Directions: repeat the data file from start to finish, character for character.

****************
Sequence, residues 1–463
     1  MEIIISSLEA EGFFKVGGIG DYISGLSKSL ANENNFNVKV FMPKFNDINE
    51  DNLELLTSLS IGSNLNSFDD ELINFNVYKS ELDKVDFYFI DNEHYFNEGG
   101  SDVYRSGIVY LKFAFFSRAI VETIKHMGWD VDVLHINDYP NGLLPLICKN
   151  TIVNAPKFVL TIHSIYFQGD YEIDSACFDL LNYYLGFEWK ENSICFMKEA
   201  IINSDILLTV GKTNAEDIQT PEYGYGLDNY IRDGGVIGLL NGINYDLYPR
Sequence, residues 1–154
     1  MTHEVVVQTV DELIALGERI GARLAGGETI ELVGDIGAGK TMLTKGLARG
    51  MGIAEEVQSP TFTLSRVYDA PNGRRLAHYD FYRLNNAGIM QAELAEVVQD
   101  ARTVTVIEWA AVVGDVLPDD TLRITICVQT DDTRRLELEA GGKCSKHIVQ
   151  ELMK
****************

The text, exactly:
Sequence, residues 1–463
     1  MEIIISSLEA EGFFKVGGIG DYISGLSKSL ANENNFNVKV FMPKFNDINE
    51  DNLELLTSLS IGSNLNSFDD ELINFNVYKS ELDKVDFYFI DNEHYFNEGG
   101  SDVYRSGIVY LKFAFFSRAI VETIKHMGWD VDVLHINDYP NGLLPLICKN
   151  TIVNAPKFVL TIHSIYFQGD YEIDSACFDL LNYYLGFEWK ENSICFMKEA
   201  IINSDILLTV GKTNAEDIQT PEYGYGLDNY IRDGGVIGLL NGINYDLYPR
Sequence, residues 1–154
     1  MTHEVVVQTV DELIALGERI GARLAGGETI ELVGDIGAGK TMLTKGLARG
    51  MGIAEEVQSP TFTLSRVYDA PNGRRLAHYD FYRLNNAGIM QAELAEVVQD
   101  ARTVTVIEWA AVVGDVLPDD TLRITICVQT DDTRRLELEA GGKCSKHIVQ
   151  ELMK